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The Santa Ana City Council Tuesday night approved the 2016-17 fiscal year budget, a $229 million spending plan that includes funding for more police officers, park improvements, and extended hours for community centers, among other things.
Council members sped through the budget approval so they could make it to primary election night festivities. But they did make a few tweaks before heading out the door.
The biggest change was a $250,000 allocation toward a joint use agreement with Santa Ana Unified School District proposed by Councilman Roman Reyna. Under the pilot program, the city would help pay to keep a school campus open to the general public between 6 p.m. and 10 p.m. and provide a slew of classroom spaces for nonprofits.
Reyna called the proposal a “game changer” for the city. “This could fundamentally change the way the city and the school district operate,” Reyna told a reporter after the meeting. “I’m elated like you have no idea.”
There were two other changes to the budget that were a little more controversial, including $100,000 toward construction of two new courts at the Cabrillo Tennis Center and an additional $75,000 for staffing at the city clerk’s office.
Mayor Miguel Pulido has for years been trying to secure funding for the courts. In 2011, the council shot down a request for over $500,000 toward the courts, allocating the funds instead to improving a public square on Fourth Street. And last year, money requested for the courts was instead directed towards assistance for homeless people.
But, after flirting with bankruptcy in 2011 and 2012, the city’s budget picture has improved considerably in recent years. Because of the brighter picture, and Councilman Vincent Sarmiento was comfortable in voicing support for spending $100,000 toward construction of the courts.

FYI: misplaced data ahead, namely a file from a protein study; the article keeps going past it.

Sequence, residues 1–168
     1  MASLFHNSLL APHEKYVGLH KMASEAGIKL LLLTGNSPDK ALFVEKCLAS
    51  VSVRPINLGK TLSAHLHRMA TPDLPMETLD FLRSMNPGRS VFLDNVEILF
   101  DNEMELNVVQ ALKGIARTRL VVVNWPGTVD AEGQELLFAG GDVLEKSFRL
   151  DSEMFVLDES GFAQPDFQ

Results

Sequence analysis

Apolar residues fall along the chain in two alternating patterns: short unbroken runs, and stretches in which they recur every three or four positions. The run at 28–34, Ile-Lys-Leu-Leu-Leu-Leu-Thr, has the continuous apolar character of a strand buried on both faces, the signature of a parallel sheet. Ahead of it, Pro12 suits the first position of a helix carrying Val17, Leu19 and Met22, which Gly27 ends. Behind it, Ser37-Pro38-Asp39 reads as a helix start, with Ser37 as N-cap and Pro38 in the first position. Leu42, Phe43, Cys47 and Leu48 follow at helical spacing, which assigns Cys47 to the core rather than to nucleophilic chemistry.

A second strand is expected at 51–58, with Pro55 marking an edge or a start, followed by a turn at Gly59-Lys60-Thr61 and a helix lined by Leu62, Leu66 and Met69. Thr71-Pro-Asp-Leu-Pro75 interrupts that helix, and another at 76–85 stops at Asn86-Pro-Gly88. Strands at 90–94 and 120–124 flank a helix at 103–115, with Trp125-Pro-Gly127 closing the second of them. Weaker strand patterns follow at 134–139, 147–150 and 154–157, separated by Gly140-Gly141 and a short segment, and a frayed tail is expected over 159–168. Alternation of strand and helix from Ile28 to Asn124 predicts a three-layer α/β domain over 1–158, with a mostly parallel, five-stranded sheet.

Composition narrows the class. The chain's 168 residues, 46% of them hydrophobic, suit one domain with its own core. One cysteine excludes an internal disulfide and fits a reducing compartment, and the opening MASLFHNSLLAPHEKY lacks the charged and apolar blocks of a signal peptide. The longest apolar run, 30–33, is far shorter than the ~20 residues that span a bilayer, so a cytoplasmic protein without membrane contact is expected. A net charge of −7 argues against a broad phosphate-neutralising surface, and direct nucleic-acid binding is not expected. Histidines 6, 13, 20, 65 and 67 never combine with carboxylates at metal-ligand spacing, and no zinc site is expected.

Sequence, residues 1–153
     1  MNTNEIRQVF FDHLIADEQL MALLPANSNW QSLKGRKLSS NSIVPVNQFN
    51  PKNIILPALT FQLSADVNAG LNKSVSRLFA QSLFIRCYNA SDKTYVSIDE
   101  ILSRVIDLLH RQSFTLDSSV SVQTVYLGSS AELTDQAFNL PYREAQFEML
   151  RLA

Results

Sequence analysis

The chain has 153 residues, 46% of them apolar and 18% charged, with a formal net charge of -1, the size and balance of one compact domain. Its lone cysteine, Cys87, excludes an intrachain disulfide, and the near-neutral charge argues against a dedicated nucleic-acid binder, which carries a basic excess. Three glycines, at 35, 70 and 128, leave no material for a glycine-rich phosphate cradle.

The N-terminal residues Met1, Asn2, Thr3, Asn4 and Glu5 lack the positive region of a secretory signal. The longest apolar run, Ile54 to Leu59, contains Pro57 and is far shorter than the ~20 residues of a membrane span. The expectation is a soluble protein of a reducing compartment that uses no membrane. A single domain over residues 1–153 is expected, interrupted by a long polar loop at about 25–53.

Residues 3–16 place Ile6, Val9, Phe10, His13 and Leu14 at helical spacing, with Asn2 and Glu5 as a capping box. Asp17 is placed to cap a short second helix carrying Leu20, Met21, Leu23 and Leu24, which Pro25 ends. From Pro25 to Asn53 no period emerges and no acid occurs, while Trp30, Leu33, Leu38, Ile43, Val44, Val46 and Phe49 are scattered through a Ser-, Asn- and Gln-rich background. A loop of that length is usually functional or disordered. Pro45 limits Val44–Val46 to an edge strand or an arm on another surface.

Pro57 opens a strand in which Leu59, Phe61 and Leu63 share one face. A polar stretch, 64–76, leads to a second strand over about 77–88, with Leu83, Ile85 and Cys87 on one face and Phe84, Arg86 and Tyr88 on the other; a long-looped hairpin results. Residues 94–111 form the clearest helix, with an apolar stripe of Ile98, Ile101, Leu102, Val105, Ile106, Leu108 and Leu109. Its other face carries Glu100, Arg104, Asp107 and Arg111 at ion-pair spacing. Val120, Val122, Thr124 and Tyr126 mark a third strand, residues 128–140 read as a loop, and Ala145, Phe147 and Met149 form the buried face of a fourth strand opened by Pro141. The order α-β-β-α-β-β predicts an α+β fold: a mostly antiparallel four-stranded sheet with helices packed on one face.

The vote on funding the courts passed 4-2, with council members Reyna and Sal Tinajero voting no. Pulido, Sarmiento and council members David Benavides and Angelica Amezcua voted yes. Councilwoman Michele Martinez was absent, having left before the vote to attend election night events and celebrate her second-place showing in the First District county supervisorial primary.
Meanwhile, the vote on additional funding for the clerk’s office passed 5-1, with Tinajero voting no. City Clerk Maria Huizar asked for the funds to create a deputy city clerk position and upgrade the classification of an existing staffer. Huizar said she needs the extra help for voter outreach initiatives.
Tinajero alluded to the clerk’s office possibly doing work outside the scope of the department and said he would support the funding request if that wasn’t the case. But he said he couldn’t vote yes on the funding request until he received that assurance.
“There are some serious concerns we have to discuss as a council before we start expanding that department,” Tinajero said.
He wasn’t clear on what those concerns were, but said the council should talk about them in the future.
Other notable expenditures and assumptions in Cavazos’ budget presentations include:
*$2.5 million for 16 police officers, including 10 positions funded through the COPs grant and another six officers dedicated to community policing.
*$550,000Funding for the Orange County Animal Shelter.
*$400,000 for a cultural amphitheater at Santiago Park.
*$214,000 for “security services enhancements at the city’s main library.”
*$500,000 for a “pension stability fund,” an increase in the “economic uncertainty fund” – essentially an extra reserve – from $1 million to $3 million, and $1 million for a “jail revenue stability account.”
*$2.7 million for a 2.5 percent salary increase for city employees.
*$3 million for economic development initiatives and infrastructure projects, including $400,000 in improvements at the Santa Ana train station and $400,000 each for the downtown, Harbor Blvd., Seventeenth st., and South Main st. business corridors.